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November 27, 2015 | OB/GYN
Vaginal health is an important aspect in maintaining a woman’s overall health and can be affected by medications, diet, clothing, exercise and even increased stress.
A healthy vagina is more acidic, which helps maintain an environment of good bacteria called lactobacilli and normal vaginal secretions. This good bacteria helps fight off bad microorganisms and maintains a normal vaginal pH of 4.5 or less. A woman’s pH balance can be disrupted by many different things that occur normally in life:
- Monthly menses (blood has a pH of 7.4)
- Use of tampons and pads
- Intercourse (semen has pH of 7.1-8)
- Personal hygiene soaps ( most have pH>8)
- Hormonal changes in pregnancy
- Menopause and loss of estrogen to the vagina
When the pH gets too high, it can cause an overgrowth of bacteria which causes an odor (usually a fishy smell), watery gray discharge and vaginal irritation. This is known as bacterial vaginosis.
A vaginal yeast infection does not have a high pH, but can be caused by antibiotic use, stress, excessive moisture, excessive sugar intake and diabetes. Symptoms include vaginal irritation, itching and a non- odorous thick white clumpy discharge.
Sexually transmitted infections such as chlamydia, gonorrhea or trichomonas can also cause vaginal irritation, odorous discharge, pelvic pain and other serious problems. Women who have any of these symptoms should see their care providers for evaluation.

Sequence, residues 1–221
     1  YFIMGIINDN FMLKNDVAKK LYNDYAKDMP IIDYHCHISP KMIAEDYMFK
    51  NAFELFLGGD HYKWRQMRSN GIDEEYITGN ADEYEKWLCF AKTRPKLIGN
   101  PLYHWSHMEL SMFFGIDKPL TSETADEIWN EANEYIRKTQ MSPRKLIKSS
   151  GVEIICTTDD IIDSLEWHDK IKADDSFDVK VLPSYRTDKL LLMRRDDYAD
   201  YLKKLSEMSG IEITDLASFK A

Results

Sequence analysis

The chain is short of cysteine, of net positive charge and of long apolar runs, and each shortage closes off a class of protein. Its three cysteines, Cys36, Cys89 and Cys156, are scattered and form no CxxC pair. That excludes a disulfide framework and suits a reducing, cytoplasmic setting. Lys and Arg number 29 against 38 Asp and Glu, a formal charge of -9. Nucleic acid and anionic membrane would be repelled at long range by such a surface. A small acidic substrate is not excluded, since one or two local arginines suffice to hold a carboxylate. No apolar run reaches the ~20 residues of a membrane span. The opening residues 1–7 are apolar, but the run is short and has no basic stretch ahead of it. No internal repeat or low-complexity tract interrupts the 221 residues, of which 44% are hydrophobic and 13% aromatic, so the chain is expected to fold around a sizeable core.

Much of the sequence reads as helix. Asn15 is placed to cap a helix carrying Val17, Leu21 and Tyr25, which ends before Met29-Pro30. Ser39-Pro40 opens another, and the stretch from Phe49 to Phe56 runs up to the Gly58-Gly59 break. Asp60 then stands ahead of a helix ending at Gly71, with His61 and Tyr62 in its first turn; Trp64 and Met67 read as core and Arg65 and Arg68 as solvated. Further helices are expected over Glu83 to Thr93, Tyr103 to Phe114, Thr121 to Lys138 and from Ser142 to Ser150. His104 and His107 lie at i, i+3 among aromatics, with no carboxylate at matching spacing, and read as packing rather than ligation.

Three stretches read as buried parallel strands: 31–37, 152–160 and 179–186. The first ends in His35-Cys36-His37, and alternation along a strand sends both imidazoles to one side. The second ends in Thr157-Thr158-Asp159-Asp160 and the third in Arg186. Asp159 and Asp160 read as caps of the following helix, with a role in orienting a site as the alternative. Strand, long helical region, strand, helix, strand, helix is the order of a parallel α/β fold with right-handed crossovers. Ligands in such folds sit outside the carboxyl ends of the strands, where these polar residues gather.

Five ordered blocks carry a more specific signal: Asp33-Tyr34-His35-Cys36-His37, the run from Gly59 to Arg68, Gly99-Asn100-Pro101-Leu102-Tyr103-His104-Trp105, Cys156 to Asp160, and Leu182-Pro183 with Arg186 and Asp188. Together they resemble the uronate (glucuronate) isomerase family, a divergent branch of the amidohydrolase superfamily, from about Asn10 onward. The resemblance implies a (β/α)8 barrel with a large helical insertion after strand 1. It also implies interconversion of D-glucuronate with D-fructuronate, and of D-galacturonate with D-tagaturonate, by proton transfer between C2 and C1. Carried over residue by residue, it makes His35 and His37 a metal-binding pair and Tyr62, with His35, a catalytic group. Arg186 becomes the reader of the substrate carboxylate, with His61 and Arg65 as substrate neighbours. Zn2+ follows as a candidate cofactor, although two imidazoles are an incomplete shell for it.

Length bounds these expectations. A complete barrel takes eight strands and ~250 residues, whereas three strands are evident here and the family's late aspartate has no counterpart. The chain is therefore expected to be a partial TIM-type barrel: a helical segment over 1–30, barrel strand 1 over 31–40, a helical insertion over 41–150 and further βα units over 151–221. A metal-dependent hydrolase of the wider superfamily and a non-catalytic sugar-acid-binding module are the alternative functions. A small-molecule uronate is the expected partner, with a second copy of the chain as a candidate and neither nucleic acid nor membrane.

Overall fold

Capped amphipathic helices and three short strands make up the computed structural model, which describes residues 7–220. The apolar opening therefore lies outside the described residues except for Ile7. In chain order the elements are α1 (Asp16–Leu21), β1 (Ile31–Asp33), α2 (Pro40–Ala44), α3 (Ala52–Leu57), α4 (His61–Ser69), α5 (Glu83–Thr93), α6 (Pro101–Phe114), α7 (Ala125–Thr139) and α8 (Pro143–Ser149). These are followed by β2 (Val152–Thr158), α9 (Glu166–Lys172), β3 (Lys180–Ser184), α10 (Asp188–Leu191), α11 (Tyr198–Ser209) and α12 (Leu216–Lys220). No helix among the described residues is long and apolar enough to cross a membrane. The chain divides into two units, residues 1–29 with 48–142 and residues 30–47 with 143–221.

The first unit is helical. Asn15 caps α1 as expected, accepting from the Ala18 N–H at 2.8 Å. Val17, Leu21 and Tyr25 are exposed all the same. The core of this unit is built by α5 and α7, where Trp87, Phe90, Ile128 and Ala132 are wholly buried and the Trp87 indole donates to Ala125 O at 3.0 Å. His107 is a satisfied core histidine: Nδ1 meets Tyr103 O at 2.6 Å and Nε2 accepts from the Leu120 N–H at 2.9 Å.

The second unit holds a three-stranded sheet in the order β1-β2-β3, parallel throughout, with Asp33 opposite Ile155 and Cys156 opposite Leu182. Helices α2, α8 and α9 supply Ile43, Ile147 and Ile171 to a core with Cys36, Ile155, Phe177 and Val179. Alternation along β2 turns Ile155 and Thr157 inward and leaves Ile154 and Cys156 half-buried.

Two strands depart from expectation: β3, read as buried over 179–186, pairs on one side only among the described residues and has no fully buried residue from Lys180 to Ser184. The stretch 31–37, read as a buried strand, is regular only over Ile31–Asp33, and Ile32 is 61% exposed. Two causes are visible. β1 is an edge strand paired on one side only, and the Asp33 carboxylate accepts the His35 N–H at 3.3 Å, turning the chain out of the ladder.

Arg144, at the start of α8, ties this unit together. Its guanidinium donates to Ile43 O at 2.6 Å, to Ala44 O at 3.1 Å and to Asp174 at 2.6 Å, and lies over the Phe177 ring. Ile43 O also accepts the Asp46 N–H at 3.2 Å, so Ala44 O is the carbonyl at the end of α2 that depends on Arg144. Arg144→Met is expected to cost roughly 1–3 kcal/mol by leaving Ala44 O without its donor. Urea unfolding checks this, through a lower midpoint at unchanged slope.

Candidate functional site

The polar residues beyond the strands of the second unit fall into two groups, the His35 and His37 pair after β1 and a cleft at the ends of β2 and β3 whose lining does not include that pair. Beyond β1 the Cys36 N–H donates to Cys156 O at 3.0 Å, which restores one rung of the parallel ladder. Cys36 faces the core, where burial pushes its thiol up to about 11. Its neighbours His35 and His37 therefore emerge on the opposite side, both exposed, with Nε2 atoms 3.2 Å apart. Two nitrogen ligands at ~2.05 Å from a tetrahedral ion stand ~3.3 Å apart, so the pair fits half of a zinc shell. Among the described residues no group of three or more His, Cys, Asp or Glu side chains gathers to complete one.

1. Change tampon and pads frequently every few hours
2. Wear loose fitting, breathable cotton undergarments
3. Avoid tight fitting clothing, spandex or bathing suits for a prolonged amount of time
4. Avoid soaps and perfumes in the vaginal area. Use warm water to wash
5. Avoid douching, which will remove the good bacteria and change the vaginal pH
6. Use a good probiotic daily to help replace good bacteria in the body
7. Avoid prolonged sitting on heated seats
8. Having yearly gynecological exam will help diagnose any problems or changes that may affect the vagina
9. Limit sugar intake
10. Use condoms or maintain a monogamous relationship with a partner who is free from sexually transmitted diseases
Don’t be afraid to talk openly to your provider. He or she is willing to answer any questions or concerns you might have.
American College of Obstetricians and Gynecologists
UpToDate: Approach to Women with Symptoms of Vaginitis
UpToDate: Menopausal Health
Carol Graff, FNP-C received her undergraduate studies from Weber State University and Brigham Young University Idaho. She worked as a Labor and Delivery registered nurse for 23 years at American Fork Hospital also working in pediatrics, nursery, and newborn ICU. She earned a Master’s degree as a Family Nurse Practitioner from Brigham Young University in 2010 with advanced training in all aspects of family care. She has worked in Family Practice and Urgent Care for the past 2 years. She has also specialized in women’s health issues, preventative health exams, pap smears, contraceptive counseling, premarital exams, hormone therapy, acute and chronic illnesses, and prenatal care.
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This information is not intended to replace the advice of a medical professional. You should always consult your doctor before making decisions about your health.